Cape Town to
Pretoria and Beyond on Rovos Rail
"The design of the train has given us suites considerably larger than the world's famous trains such as the Orient Express, the Blue Train, Royal Scotsman in England and El Andalus in Spain." Rohan Vos
One of the first lessons one learns on entering the wonderful world of Rovos Rail is that this "tour of a lifetime" is not just a South African experience -- its routes extend to five countries on a network of steel rails. For example, there's an annual excursion to Dar es Salaam, Tanzania, which many rave about. On this cool January morning, however, the destination is Pretoria, South Africa's capital city and headquarters of Rovos Rail, the Pride of Africa. Our leisurely two and a half day trip north through the country's heartland, allows ample time to relax, lay back, sip the wine, smell the roses, think lofty thoughts and get to know some interesting people. Daniel Dunn, one of the Western Cape's best informed tour guides, drove us to the Cape Town station, where Rovos Rail's owner Rohan Vos and Sales Manager David Patrick greeted us, as our baggage was whisked away in a flash
way to celebrate the New Year! As we joined the other
passengers assembled on the red-carpeted platform, a
traditional toast of South African champagne and orange
juice set the mood, while a trio of violinists provided
soft, soothing classical music -- a fitting background for
such a memorable send off. At the microphone Mr. Vos gave a
hearty and humorous "bon voyage," announcing each guest's
name in turn as we boarded the train. Many nations were
represented that morning - the UK, Norway, Italy, Australia,
USA, Switzerland, Spain, Germany, France, South Africa and
Canada. These vintage coaches have carried royalty on past
tours, and we soon discovered there was a European countess
among us, which reflects the company's claim "the most
luxurious train in the world. A mild thunderstorm was
brewing above Table Mountain, and as rain began to beat on
the windows, the train pulled away from Cape Town station.
Have no fear, I had a feeling that the trip would be even
more enjoyable, looking out from our cozy cocoon on wheels.
My intuition proved to be quite true.
Order of Good Cheer: As Mr. Vos says, "It is an atmosphere of good food, good wine and good conversation that we are striving to create. " Like Pavlov's dog, and personal memories of cruises on the Alaska coast, a soft gong in the passageway signaled that dinner was being served. Naturally,on Rovos Rail, semi formal dress was the order of the day, and as we took our seats, a red roses was pinned on each lapel. After all, this was a glorious land cruise - and the superb menu featured such local game dishes as Springbok with lemon honey sauce, plus others like South African Botobie and Kingclip in Pernod cream. It goes without saying that the wine list was extensive, and drinks were complimentary for the entire trip, throughout the train.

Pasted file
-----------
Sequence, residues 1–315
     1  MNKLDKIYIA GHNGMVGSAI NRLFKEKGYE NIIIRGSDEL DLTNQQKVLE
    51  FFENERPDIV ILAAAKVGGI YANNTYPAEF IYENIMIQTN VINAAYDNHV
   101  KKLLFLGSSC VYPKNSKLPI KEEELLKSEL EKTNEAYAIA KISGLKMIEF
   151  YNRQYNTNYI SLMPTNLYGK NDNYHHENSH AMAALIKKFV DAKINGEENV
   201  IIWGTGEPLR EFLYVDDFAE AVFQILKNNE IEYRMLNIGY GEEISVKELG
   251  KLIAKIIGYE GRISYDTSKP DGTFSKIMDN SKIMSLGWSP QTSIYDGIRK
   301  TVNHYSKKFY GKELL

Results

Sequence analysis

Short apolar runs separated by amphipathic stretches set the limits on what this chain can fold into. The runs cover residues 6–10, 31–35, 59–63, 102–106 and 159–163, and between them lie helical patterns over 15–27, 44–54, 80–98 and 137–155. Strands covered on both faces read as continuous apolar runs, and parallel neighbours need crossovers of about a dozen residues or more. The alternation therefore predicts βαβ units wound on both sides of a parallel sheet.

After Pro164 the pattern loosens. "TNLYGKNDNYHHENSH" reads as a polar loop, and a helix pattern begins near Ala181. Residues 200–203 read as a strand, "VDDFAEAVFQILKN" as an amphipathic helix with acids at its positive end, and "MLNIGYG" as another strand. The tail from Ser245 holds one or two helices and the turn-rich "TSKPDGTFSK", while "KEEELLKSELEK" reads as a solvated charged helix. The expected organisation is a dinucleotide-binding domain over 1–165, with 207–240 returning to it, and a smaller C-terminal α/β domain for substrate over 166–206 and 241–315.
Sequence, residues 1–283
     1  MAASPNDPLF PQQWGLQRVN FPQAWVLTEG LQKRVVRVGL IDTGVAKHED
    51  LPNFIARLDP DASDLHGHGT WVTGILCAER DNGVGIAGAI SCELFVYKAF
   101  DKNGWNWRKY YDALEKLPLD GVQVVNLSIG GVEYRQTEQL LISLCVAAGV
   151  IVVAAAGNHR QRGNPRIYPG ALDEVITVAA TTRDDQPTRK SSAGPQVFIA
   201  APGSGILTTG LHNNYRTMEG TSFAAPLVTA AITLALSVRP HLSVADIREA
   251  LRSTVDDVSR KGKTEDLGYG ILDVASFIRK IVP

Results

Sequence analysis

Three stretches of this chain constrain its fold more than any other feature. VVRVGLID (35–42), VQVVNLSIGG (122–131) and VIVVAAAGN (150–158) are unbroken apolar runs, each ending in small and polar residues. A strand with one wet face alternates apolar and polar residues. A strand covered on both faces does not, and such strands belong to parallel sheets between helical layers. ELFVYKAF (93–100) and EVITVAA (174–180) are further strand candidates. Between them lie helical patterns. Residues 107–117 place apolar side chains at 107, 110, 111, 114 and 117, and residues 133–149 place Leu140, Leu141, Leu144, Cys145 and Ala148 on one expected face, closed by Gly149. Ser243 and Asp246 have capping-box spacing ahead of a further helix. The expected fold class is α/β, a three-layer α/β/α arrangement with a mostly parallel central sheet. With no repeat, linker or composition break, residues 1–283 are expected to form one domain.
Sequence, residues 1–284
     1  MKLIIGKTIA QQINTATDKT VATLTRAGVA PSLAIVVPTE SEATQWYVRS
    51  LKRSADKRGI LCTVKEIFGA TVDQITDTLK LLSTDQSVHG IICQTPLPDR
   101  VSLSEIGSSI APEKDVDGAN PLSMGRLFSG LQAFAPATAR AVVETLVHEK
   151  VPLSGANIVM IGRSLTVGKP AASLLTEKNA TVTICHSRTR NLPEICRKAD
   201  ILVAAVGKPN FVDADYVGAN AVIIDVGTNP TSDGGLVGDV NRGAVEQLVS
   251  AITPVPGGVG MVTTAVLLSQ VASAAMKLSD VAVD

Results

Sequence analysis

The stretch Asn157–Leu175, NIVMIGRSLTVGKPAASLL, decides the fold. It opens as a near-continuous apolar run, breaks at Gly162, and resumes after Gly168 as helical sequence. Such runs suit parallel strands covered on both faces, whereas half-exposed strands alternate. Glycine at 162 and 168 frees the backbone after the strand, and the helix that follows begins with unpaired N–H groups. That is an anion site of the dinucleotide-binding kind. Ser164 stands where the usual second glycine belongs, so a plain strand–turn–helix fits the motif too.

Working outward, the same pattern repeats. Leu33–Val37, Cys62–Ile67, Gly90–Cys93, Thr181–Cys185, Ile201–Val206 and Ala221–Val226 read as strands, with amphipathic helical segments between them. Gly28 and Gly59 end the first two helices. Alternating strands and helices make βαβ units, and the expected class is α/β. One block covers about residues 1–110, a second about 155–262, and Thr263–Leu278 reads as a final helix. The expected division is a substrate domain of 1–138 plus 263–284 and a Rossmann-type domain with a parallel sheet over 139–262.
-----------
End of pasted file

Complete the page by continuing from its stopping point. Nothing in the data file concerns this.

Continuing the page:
The Road Ahead: The vistas were spellbinding. Having read Covenant by James Michener, several Wilbur Smith sagas and various other books on South Africa, I was aware that the 900-mile rail journey follows the old pioneer trail from Cape Town north, via Paarl, Worcester and South Africa's bountiful Winelands, wending its way through the Hex River Valley to the interior's higher, drier Karoo country. What I did not expect was the fact that there were some exceptionally long tunnels en route. Just imagine the engineering challenges and effort that was involved in early railroad-building in this area.
History comes Alive: A pleasant surprise was our brief stop at the historic village of Matjiesfontein, which resembles a romantic movie set, with its street of carefully restored buildings, such as the Victorian Lord Milner Hotel, with lush gardens and a friendly pub nearby. I couldn't help imagining that Miss Kitty of Gunsmoke would come through the red velvet curtains and descend the ornate staircase. Several of us could have spent all day at the nearby museum, checking out relics of pioneer days, before, during and following the Anglo Boer War and the frantic gold and diamond rushes. It was hard to imagine that the rich and famous of the world came here 100 years ago, when it was a thriving health resort. Well, we've been told a renaissance is underway.